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Baltimore County Del. Jay Jalisi ordered to pay over $19,500, including wages never paid, to ex-employee

Delegate Jay Jalisi is interviewed in his office at the House of Delegates building.
Delegate Jay Jalisi is interviewed in his office at the House of Delegates building. (Barbara Haddock Taylor/Baltimore Sun)

Del. Jay Jalisi has been ordered by a District Court judge to pay more than $19,500 in back pay and damages to a former legislative aide who says he was never paid for the month he worked for the Baltimore County representative last year.

According to an attorney for the former staffer, the Office of the Comptroller and Office of the Attorney General this week received the writ of garnishment against the Reisterstown Democrat’s state salary to pay back Brian Agandi, the ex-employee, $2,620 for his monthlong employment in Jalisi’s Annapolis office.

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Baltimore County District Court Judge Philip Tirabassi in a bench trial this month ordered the writ of garnishment, ruling that Jalisi violated state labor and employment statutes.

He awarded Agandi a principal amount of $2,200, then doubled it by ordering the delegate to pay another $2,200 in damages, and added $132 in interest and $15,000 in legal fees for a total of $19,583.

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Jalisi has appealed the ruling, which under state law could require him to give up to 25% of each paycheck earned until the debt is paid off; state legislators, other than the Senate president and speaker of the House, earn an annual salary of $50,330, according to the General Assembly Compensation Committee.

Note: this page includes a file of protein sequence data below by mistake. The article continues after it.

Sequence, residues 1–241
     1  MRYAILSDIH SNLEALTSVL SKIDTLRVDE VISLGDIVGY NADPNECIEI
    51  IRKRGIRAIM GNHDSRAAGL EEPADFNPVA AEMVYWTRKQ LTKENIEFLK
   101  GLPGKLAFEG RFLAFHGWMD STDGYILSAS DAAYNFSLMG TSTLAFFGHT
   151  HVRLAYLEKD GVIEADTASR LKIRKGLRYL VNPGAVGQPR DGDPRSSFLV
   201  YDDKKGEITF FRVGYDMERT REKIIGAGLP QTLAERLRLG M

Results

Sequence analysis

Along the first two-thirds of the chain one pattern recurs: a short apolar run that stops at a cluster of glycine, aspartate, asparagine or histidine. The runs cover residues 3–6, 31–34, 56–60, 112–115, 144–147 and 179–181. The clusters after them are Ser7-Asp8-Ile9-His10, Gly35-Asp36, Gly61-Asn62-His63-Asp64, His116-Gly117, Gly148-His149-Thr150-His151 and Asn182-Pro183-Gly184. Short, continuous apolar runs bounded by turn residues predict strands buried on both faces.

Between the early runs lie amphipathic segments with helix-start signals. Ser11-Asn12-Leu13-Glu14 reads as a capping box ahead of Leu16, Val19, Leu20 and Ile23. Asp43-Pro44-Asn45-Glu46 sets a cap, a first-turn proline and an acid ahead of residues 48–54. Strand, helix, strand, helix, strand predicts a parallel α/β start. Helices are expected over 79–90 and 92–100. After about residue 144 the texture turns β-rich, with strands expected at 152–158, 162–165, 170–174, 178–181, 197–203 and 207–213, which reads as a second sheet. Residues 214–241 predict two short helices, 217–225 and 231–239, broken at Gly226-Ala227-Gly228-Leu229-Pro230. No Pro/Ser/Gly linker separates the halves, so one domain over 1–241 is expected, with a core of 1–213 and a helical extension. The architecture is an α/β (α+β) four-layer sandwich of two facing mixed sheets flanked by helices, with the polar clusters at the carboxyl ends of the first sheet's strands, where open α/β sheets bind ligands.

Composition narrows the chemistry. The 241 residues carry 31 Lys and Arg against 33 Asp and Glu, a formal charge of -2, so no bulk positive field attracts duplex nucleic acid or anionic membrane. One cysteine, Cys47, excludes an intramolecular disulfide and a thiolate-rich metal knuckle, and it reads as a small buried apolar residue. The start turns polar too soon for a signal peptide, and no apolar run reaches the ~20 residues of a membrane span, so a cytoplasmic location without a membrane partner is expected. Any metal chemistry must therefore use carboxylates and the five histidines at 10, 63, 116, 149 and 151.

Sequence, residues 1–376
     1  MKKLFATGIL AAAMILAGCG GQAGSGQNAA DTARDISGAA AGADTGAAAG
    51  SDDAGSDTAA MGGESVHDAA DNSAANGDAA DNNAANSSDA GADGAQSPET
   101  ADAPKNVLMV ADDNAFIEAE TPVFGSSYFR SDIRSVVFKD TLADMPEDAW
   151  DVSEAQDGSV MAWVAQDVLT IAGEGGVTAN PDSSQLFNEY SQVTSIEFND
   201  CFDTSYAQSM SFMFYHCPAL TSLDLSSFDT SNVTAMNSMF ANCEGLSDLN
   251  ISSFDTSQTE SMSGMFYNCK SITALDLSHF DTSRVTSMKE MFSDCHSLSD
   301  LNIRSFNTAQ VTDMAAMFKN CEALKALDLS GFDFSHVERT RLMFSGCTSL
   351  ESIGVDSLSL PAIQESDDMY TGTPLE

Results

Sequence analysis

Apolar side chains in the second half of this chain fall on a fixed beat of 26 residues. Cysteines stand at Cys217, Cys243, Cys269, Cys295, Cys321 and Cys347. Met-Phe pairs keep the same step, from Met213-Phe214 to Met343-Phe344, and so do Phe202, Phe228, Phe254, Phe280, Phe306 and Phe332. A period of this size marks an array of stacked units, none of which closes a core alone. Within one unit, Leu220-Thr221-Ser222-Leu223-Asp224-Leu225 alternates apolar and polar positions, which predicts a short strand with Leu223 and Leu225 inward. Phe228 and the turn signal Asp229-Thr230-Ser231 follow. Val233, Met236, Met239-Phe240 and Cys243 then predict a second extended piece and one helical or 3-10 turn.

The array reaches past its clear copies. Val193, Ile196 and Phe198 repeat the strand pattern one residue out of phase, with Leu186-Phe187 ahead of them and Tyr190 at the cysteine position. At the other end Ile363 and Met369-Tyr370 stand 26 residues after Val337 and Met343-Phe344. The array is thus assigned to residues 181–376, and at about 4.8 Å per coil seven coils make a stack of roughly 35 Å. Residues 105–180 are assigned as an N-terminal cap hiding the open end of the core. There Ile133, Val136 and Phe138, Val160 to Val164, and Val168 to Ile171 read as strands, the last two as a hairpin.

Jalisi, 54, and his attorney, Adam Spence with The Law Offices of Spence, Brierley in Towson, did not respond to requests for comment Wednesday afternoon.

In a pretrial legal memorandum, Jalisi’s lawyers argued that he was protected under legislative immunity, which protects elected officials from legal liability for legislative actions taken.

Tirabassi rejected that defense, according to Agandi’s attorney, H. Mark Stichel, with the law firm Astrachan Gunst Thomas, on the grounds that personnel decisions are considered administrative, not legislative, functions.

Jalisi, who was formally reprimanded by his colleagues in the General Assembly last year for a pattern of abusive behavior toward his staff, had been barred by the late House Speaker Michael Busch from hiring staff paid by the state until he completed anger management classes, which Agandi’s attorney said had not occurred when the lawsuit was filed.

Stichel alleged that Jalisi intentionally misrepresented his ability to hire Agandi when, in December 2018, he told Agandi he would be paid $20 an hour for 32 hours of work a week.

Stichel said Tirabassi dismissed that claim, saying that the plaintiff’s attorneys could not prove with clear and convincing evidence that Jalisi purposely misled Agandi when he hired him.

“It is a correct decision,” Stichel said of the ruling, but “I would have liked to see treble damages. ... I also believe Del. Jalisi intentionally misled.”

Agandi, who had quit his job as a security guard to work for Jalisi, terminated his employment Jan. 31 after never receiving payment, despite verbal assurances from the District 10 delegate that he would be paid, according to the lawsuit.

The Joint Committee on Legislative Ethics, which investigated the complaints, also found that Jalisi, who has served in the House of Delegates since 2015, forced staff to work overtime, but then would not sign off on their time cards.

Jalisi said at the time the accusations were the result of “a nasty smear campaign and a sham investigation by a powerful lobby in Annapolis.”

In a January interview with The Baltimore Sun, Jalisi said he would be willing to pay Agandi himself if that were allowed. Instead, he said he’s likely to spend more defending himself from the lawsuit.

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Agandi had sought a judgment of $2,670 in back pay on top of $27,379 in punitive damages, according to the lawsuit. He also was seeking $7,860 in treble damages, citing Jalisi’s violation of state law, which allows a plaintiff owed back pay to request the court increase the payable amount to up to three times the wage.

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